By the way I want to repeat something. The proper business forecast will have projected monthly income statements, monthly balance sheets and monthly cash flows all tying into each other. If your forecast does not have cash flows, then throw it out with the bathwater. It is no good!

Attention Small business owners. See the value in being proactive versus reactive. See the value in answering questions you ask yourself every day, see the value on putting together a strategic plan based on what the forecasts tell you, and for those of you who are just trying to survive one more day, see the value in solving today’s problems today through business and cash flow forecasting.

Saturday, May 15, 2010

Labor Burden - Author: admin Posted: Sat May 15, 2010 10:49 am

Calculating Overhead

There are 3 components of cost. These 3 components of cost are material, labor and overhead. As a Part Time CFO, I see a lot of business owners eliminating overhead from their cost calculations. This can lead to operating losses and cash flow problems. Usually the reason the business owners misses overhead is they do not understand how to calculate overhead nor do they know how to incorporate overhead in their analysis.

The easiest way to calculate overhead is as a percentage of sales. Take all of the projected overhead expenses for the period you want to analyze. The period can be a month, quarter or year and divide these projected expenses by the amount of projected sales. As you go forward if sales are lower or higher than projections by 10% or more you should recalculate the overhead rate based on the new projected sales. The same recalculation needs to be done if your projected expenses are off higher or lower by 10% or more. This percentage needs to be applied to the sales dollars associated with each sales transaction or quote. You can also simply take last year’s actual results for overhead and sales and perform the same calculation on actual results instead of projected results. I like to use projected results. Other than sales there are other ways to calculate overhead using labor dollars or labor hours, but I like to use sales. However for the Trades (General Contractors, Painters, plumbers, electricians etc…) and manufacturers I like to use labor hours. That way we can come up with overhead costs per direct labor hour and all you have to do is estimate the labor hours for a job and you know your costs.

There are many schools of thought regarding the calculation of overhead and incorporating overhead in cost calculations. Some do not like accounting for overhead in their cost calculations because they say no matter how much the sales price exceeds material and labor, the overhead will begin to be paid and that is their only objective. I say a couple of things about that. First, sales better be high enough otherwise if you employ this school of thought you will guarantee yourself you will not be profitable. Even if sales exceed material, labor and variable overhead by just a few dollars you will eventually pay for all of the fixed overhead but the sales must be high enough and that is a huge risk. Second, an argument can certainly be made that a sale that at least covers some overhead is better than no sale at all, however are you sure there is no other sale out there that you are not making that covers more of your overhead or all of your overhead or do you justify giving your product and service away just to make a sale knowing it is covering some overhead?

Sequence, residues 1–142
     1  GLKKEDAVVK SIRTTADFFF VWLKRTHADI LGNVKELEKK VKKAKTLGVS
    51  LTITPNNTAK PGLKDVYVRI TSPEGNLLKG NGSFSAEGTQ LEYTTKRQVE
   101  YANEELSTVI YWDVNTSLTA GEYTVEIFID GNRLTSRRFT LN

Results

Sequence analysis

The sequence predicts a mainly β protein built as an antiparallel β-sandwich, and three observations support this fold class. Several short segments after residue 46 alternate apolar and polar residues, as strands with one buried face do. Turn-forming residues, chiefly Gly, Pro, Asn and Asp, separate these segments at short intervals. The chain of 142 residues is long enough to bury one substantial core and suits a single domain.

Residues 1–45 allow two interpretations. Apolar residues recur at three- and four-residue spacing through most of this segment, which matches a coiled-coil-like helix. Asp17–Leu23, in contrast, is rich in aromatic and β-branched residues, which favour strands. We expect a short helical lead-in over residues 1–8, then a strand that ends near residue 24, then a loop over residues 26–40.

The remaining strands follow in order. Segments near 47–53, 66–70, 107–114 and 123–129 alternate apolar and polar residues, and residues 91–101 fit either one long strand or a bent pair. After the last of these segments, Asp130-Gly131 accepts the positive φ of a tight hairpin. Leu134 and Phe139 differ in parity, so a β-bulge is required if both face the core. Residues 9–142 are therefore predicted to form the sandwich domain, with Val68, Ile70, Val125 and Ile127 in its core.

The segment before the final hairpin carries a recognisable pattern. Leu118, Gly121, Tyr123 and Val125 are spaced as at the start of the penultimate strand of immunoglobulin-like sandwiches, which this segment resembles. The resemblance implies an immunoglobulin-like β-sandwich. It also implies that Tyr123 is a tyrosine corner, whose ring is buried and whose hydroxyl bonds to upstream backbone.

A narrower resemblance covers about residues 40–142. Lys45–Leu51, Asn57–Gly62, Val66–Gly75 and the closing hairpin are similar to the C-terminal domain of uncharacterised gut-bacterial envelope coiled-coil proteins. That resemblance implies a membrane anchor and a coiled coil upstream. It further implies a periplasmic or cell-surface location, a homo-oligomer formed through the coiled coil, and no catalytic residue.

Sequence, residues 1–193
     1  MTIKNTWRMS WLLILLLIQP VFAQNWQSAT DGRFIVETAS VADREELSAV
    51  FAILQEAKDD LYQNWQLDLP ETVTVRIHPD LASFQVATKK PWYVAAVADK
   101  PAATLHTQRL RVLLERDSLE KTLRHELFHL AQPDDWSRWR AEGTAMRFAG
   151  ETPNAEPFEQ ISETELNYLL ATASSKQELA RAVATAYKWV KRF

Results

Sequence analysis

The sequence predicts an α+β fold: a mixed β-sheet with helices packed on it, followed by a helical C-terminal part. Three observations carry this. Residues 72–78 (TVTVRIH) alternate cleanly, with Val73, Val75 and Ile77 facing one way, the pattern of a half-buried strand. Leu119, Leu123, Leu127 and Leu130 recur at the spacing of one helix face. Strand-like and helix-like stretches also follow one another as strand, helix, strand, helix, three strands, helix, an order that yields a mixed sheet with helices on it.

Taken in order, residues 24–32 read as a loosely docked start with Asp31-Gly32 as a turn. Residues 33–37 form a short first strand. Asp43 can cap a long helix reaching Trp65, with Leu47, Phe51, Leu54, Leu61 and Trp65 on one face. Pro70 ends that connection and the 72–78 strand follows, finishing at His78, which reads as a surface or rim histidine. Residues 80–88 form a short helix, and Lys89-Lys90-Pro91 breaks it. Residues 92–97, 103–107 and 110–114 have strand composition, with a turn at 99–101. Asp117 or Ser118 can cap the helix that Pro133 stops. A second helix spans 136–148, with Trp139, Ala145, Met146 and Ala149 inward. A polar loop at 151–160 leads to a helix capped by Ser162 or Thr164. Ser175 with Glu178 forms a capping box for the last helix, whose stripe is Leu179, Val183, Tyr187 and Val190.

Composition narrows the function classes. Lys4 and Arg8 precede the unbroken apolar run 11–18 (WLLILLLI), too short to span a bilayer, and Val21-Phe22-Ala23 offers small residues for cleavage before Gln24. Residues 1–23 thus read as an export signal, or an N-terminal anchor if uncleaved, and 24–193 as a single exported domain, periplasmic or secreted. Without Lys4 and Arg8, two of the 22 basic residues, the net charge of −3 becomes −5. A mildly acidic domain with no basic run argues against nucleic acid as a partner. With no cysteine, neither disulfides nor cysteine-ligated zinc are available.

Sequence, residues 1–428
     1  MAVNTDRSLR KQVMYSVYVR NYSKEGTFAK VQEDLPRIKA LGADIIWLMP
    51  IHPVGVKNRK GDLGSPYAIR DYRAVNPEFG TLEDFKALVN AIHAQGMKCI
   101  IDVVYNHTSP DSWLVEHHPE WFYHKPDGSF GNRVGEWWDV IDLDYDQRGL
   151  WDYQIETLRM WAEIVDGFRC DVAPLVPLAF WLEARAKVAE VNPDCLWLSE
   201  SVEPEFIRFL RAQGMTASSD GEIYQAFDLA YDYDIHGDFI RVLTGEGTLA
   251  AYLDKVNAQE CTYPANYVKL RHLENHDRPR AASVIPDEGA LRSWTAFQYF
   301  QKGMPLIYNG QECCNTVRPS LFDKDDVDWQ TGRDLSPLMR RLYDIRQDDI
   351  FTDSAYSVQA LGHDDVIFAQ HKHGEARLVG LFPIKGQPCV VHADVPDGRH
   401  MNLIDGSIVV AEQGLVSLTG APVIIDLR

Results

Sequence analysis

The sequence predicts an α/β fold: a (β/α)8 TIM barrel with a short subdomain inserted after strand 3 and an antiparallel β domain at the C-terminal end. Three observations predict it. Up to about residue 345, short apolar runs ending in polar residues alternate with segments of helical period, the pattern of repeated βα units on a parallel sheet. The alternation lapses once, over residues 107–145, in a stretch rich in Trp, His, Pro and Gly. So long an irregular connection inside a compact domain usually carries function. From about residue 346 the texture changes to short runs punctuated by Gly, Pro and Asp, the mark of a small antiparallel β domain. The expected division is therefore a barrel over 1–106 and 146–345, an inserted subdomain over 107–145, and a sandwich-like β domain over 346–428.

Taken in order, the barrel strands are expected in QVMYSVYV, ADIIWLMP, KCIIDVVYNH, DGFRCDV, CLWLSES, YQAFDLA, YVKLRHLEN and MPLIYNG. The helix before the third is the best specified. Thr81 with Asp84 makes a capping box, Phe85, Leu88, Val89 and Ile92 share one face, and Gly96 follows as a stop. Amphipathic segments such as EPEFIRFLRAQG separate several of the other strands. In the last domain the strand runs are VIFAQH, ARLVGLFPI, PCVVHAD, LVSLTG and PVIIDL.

Note I added the term Variable Overhead above. Sometimes there are expenses that a business owner calls overhead, which can be considered overhead but are actually expenses that are variable to sales. Expenses such as credit card fees or gas where a service performed is going to require going to a specific location need to be identified as variable. Variable overhead should be incorporated as part of the expense component deducted from the selling price to determine profit before fixed overhead.

My view on overhead is that the business owner needs to know what the overhead component of their product or service is so that they know what their true bottom line is on each and every transaction/quote. Unless your expense and/or revenue projections are way off, knowing the true bottom line on every transaction will give you the piece of mind that all costs are accounted for and that the bottom line on the transaction/quote is credible. At the end of the day the business owner can use their own discretion as to whether a sale that does not entirely cover fixed overhead is worth making. If it were me I must be extremely confident that there is no other sale to make that will give me a better return before I would accept a sale that only partially covered fixed overhead. For example let’s say you know with reasonable certainty that your business is in a state of low demand maybe due to seasonality or economic conditions. If I am convinced there is no other sale out there that is going to give me a better return or if I think the customer is worthwhile to keep because the customer will give me long term potential at higher profit margins then I would make the justification that I am at least covering some fixed overhead. Otherwise make sure your selling price covers all three components of cost which once again are Material, Labor and Overhead.

Calculating Overhead is one of many important CFO Services.

Friday, May 14, 2010

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Monday, May 10, 2010

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Thursday, May 6, 2010